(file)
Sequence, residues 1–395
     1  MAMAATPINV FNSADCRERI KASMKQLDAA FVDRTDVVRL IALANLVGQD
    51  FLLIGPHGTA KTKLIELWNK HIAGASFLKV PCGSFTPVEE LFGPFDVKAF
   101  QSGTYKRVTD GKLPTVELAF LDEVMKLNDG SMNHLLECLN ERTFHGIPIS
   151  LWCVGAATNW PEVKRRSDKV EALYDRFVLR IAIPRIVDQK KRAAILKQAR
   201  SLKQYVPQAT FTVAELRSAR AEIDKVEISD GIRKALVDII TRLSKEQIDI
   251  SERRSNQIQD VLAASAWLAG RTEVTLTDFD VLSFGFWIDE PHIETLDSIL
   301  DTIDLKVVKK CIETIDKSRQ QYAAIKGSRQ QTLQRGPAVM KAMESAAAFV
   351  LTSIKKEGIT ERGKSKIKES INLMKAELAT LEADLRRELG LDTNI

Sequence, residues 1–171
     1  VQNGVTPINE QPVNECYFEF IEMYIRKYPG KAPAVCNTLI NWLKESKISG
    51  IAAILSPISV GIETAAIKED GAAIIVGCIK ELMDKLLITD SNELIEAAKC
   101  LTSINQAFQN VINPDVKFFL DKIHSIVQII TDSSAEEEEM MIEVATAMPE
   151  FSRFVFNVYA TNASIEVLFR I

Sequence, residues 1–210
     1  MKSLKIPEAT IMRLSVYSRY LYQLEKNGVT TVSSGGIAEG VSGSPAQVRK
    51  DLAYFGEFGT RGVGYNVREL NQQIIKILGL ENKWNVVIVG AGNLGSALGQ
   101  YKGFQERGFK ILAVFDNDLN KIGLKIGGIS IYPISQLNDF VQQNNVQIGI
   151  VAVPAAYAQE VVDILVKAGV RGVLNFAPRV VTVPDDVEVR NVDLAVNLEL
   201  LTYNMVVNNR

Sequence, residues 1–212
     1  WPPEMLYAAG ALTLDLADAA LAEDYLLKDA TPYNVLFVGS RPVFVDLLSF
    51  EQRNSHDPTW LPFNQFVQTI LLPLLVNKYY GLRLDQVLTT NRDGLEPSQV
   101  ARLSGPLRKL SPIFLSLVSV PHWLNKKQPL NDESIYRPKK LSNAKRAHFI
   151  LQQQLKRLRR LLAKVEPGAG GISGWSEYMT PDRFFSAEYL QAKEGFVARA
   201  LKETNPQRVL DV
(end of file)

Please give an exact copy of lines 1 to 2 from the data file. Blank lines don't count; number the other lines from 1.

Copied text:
Sequence, residues 1–395
     1  MAMAATPINV FNSADCRERI KASMKQLDAA FVDRTDVVRL IALANLVGQD